- I don't think there is any hard and fast rule - definitely on a case by case basis. I usually just create a new page for the work if it appears that there are enough quotes to stand on its own. You can look at Charles Dickens or William Shakespeare for examples on how to be sure to show the links to the new pages. In this case, I would recommend that Cat's Cradle, Slaughterhouse-Five, and maybe even Timequake get their own pages. ~ UDScott 19:17, 17 April 2007 (UTC)
Bolding vs Blanding 
One can admire activity and ambition, but you have recently done rapid and extensive revision on several pages relating to works and quotes of Robert A. Heinlein and Kurt Vonnegut that had stood in much of their previous state for quite some time, sometimes for years. I will here address some of the comments you have made in the process of doing this.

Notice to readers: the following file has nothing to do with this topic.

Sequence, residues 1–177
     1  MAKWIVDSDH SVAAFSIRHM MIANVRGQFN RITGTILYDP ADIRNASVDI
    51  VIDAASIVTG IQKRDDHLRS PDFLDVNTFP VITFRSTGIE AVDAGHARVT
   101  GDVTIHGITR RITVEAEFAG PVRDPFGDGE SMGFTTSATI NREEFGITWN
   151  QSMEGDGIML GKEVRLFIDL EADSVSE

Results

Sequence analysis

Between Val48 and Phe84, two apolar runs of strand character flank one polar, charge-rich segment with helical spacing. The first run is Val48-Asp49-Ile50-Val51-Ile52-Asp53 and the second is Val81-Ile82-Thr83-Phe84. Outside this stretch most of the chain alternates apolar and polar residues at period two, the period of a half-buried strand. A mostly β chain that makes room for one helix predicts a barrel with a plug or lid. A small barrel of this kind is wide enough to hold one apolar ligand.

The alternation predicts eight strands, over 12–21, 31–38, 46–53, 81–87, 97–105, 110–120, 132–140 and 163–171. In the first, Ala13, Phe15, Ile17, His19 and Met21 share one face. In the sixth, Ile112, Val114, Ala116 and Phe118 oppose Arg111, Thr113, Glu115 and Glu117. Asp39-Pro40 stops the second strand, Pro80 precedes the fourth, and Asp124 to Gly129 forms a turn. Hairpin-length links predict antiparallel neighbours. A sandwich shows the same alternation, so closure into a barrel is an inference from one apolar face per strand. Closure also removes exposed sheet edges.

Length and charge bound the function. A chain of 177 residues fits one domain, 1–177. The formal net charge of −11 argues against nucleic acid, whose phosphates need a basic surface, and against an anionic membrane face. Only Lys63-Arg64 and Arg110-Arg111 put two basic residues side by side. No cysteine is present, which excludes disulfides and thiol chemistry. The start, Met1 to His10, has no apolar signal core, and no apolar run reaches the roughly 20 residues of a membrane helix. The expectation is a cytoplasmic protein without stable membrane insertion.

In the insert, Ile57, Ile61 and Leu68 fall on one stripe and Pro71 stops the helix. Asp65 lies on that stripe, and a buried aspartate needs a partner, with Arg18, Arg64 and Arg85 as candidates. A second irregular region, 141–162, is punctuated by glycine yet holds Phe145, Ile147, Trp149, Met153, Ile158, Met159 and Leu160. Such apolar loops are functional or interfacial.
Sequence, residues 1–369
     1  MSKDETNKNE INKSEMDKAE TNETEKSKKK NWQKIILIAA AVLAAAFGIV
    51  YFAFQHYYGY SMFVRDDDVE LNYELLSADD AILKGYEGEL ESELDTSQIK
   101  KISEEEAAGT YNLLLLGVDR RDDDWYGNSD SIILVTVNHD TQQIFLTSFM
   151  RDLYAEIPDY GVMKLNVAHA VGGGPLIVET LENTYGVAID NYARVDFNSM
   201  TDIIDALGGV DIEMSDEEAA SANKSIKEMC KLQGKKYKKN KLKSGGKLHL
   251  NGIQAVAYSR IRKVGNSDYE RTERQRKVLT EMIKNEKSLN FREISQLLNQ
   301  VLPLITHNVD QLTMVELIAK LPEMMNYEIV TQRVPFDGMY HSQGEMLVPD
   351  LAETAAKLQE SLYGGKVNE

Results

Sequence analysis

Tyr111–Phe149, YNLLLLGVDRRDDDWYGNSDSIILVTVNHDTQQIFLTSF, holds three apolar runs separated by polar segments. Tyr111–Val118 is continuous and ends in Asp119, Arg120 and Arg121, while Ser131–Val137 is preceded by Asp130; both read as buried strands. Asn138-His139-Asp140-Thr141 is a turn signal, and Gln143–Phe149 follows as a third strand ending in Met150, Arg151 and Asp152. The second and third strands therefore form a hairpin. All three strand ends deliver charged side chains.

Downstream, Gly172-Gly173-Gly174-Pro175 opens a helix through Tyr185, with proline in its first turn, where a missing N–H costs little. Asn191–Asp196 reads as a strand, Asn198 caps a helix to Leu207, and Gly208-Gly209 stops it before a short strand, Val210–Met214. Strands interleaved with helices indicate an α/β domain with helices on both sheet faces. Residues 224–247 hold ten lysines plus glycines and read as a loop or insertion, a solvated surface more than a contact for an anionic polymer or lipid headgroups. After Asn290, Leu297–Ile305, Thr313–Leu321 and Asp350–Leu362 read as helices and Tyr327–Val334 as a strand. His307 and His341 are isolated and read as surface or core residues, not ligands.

Though it might not be your general inclination in life, the language you have used in expressing some of your particular points of view on the issue of bolding is somewhat absolutist and authoritarian, i.e: "It's really not a good practice to bold only certain parts of a quote." You argue that "When you bold something, you are usurping the writer's perogative to emphasize what he or she wants to have emphasized" — but as you seem to be aware, I have long argued that this is often the case in the act of quotation itself, as I illustrate even in the act of quoting you here. If one is compiling and presenting quotations one finds notable, for the benefit of others seeking to find some of the essentials of what various people have said, I do not agree that the process of selection alone is "really as far as it should go" and that all quotes should be presented on the pages only in a monotonous and totally uniform style, which you indicate at one point might even extend to the exclusion of the use of images. This would limit us to the creation of pages which I believe would greatly lacking in both visual and more general mental interest and appeal.